Core Required Reading

  1. Berridge, G.R. (2022) Diplomacy: Theory and Practice. Cham: Springer International Publishing. Available at:
  • Conferences
  • Summits
  • Public Diplomacy
  1. Hutchings, R. and Suri, J. (eds) (2020) Modern Diplomacy in Practice. Cham: Springer International Publishing. Available at:
  • Turkey

Recommended Reading

  • Abel, J.R. (2012) ‘Japan’s Sporting Diplomacy: The 1964 Tokyo Olympiad’, The International History Review, 34(2), pp. 203–220. Available at:
  • Adler-Nissen, R. and Tsinovoi, A. (2019) ‘International misrecognition: The politics of humour and national identity in Israel’s public diplomacy’, European Journal of International Relations, 25(1), pp. 3–29. Available at:
  • Ayhan, K.J. (2019) ‘The Boundaries of Public Diplomacy and Nonstate Actors: A Taxonomy of Perspectives’, International Studies Perspectives, 20(1), pp. 63–83. Available at:
  • Bjola, C., Cassidy, J. and Manor, I. (2019) ‘Public Diplomacy in the Digital Age’, The Hague Journal of Diplomacy, 14(1–2), pp. 83–101. Available at:
  • Bos, M. and Melissen, J. (2019) ‘Rebel diplomacy and digital communication: public diplomacy in the Sahel’, International Affairs, 95(6), pp. 1331–1348. Available at:
  • Burt, S. (2018) ‘High and Low Tide: Sino–American Relations and Summit Diplomacy in the Second World War’, Diplomacy & Statecraft, 29(2), pp. 167–186. Available at:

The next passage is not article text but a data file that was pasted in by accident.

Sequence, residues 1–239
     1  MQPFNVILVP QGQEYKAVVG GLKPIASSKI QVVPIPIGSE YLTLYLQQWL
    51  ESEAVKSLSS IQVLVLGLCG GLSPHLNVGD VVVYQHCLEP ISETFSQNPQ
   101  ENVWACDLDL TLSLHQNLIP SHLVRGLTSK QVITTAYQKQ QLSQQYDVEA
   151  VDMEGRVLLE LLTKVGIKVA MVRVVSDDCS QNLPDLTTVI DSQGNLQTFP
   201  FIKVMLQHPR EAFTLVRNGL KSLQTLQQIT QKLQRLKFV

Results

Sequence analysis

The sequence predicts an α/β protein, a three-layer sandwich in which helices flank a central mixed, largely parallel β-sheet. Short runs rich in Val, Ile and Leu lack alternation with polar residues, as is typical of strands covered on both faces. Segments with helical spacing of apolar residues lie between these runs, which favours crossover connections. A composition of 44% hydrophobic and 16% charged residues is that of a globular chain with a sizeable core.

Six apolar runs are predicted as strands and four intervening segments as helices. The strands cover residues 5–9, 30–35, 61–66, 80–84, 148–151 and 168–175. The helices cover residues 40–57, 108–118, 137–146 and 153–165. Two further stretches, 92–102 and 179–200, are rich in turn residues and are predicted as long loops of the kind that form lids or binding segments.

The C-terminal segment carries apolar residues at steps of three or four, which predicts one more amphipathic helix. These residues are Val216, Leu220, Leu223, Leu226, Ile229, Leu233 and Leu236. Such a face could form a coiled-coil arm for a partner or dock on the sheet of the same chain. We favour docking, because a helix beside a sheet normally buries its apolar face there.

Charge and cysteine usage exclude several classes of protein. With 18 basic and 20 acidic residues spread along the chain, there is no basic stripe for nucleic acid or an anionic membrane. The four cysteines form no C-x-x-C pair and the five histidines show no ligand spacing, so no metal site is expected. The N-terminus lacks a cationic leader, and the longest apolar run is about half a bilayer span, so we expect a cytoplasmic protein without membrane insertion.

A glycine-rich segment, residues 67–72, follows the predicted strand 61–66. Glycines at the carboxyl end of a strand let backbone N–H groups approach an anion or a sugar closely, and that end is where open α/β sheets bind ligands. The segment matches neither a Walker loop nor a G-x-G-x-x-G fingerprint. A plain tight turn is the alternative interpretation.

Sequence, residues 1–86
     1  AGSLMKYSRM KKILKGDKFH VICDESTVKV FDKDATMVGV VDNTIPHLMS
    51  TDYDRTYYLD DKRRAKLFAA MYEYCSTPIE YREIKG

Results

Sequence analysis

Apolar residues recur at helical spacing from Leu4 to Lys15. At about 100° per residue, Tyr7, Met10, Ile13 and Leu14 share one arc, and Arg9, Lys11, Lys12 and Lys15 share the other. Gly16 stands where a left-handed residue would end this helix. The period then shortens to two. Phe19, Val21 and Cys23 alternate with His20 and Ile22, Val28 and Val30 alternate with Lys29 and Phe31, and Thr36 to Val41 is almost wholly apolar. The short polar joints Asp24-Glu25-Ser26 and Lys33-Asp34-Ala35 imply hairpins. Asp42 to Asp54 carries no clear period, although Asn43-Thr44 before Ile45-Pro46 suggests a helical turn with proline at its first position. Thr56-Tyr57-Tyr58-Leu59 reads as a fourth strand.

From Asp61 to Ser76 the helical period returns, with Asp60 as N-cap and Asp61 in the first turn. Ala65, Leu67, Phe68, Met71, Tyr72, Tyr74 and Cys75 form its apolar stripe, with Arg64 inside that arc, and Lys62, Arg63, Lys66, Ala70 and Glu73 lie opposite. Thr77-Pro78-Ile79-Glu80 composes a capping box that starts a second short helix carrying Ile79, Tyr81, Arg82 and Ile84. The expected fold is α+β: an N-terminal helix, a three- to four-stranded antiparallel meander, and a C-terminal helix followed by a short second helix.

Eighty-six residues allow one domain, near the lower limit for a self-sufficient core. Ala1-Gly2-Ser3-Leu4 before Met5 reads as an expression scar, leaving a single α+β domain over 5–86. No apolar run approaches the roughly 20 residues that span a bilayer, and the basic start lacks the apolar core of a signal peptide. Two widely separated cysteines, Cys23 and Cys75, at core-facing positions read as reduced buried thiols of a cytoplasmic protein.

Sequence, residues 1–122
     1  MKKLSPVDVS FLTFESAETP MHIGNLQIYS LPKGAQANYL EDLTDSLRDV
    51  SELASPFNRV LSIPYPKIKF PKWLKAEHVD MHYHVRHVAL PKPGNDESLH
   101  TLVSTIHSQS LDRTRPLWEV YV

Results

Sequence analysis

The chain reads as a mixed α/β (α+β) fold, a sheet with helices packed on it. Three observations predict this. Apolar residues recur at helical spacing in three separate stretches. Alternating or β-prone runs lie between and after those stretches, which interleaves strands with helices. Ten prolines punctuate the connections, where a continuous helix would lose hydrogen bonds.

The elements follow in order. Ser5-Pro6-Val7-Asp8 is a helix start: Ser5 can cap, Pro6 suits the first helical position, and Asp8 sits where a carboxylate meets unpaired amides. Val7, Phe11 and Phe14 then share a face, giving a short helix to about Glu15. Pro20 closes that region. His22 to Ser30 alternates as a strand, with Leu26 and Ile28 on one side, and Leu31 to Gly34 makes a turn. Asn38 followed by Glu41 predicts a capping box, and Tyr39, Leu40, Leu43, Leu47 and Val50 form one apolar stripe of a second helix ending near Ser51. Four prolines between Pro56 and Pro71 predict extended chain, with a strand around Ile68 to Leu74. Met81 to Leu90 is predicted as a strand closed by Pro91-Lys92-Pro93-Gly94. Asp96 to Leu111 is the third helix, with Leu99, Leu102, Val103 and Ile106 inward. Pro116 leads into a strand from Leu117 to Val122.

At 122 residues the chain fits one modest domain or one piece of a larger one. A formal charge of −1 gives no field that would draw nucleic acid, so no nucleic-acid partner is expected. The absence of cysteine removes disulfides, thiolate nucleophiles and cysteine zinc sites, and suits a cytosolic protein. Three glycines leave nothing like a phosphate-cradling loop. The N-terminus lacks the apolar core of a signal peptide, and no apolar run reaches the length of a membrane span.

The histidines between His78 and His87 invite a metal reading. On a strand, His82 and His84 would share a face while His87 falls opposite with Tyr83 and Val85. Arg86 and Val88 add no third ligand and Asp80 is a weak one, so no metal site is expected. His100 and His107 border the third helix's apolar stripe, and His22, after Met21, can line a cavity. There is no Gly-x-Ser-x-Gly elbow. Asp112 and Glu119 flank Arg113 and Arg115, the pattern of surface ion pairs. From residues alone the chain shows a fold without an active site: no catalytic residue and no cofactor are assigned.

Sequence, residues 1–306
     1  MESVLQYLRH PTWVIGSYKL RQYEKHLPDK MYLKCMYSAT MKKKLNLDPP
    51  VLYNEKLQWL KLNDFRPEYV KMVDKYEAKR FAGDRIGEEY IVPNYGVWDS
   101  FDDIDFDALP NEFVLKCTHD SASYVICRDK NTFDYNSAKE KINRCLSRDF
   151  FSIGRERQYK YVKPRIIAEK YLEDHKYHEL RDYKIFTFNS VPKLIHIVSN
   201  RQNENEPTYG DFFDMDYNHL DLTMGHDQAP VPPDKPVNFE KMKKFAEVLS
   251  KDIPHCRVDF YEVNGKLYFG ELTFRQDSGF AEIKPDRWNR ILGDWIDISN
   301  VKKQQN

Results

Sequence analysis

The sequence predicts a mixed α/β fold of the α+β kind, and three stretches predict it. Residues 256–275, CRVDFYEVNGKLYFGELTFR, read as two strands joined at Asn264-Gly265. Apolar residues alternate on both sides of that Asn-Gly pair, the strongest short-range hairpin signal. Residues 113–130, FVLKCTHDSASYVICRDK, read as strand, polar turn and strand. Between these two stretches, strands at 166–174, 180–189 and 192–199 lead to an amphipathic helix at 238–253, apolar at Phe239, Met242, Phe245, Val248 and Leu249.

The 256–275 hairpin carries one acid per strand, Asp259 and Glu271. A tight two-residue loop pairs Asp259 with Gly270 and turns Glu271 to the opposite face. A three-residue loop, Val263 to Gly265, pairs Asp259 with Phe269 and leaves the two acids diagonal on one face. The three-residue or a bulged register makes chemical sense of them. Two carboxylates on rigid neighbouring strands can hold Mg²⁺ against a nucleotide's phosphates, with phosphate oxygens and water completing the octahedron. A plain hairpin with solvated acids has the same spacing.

• Byrne, C. and Hall, R. (2013) ‘Realising Australia’s international education as public diplomacy’, Australian Journal of International Affairs, 67(4), pp. 419–438. Available at:
  • Cowan, G. and Arsenault, A. (2008) ‘Moving from Monologue to Dialogue to Collaboration: The Three Layers of Public Diplomacy’, The ANNALS of the American Academy of Political and Social Science, 616(1), pp. 10–30. Available at:
  • Entman, R.M. (2008) ‘Theorizing Mediated Public Diplomacy: The U.S. Case’, The International Journal of Press/Politics, 13(2), pp. 87–102. Available at:
  • Faizullaev, A. and Cornut, J. (2017) ‘Narrative practice in international politics and diplomacy: the case of the Crimean crisis’, Journal of International Relations and Development, 20(3), pp. 578–604. Available at:
  • Feklyunina, V. (2016) ‘Soft power and identity: Russia, Ukraine and the “Russian world(s)”’, European Journal of International Relations, 22(4), pp. 773–796. Available at:
  • Gilboa, E. (2008) ‘Searching for a Theory of Public Diplomacy’, The ANNALS of the American Academy of Political and Social Science, 616(1), pp. 55–77. Available at:
  • Goldsmith, B.E. and Horiuchi, Y. (2009) ‘Spinning the Globe? U.S. Public Diplomacy and Foreign Public Opinion’, The Journal of Politics, 71(3), pp. 863–875. Available at:
  • Graham, S.E. (2014) ‘Emotion and Public Diplomacy: Dispositions in International Communications, Dialogue, and Persuasion’, International Studies Review, 16(4), pp. 522–539. Available at:
  • Grix, J. (2013) ‘Sport Politics and the Olympics’, Political Studies Review, 11(1), pp. 15–25. Available at:
  • Groom, A.J.R. (2013) Conference Diplomacy. Oxford University Press. Available at:
  • Hall, I. and Smith, F. (2013) ‘The Struggle for Soft Power in Asia: Public Diplomacy and Regional Competition’, Asian Security, 9(1), pp. 1–18. Available at:
  • Handelman, S. (2012) ‘Two Complementary Settings of Peace-making Diplomacy: Political-Elite Diplomacy and Public Diplomacy’, Diplomacy & Statecraft, 23(1), pp. 162–178. Available at: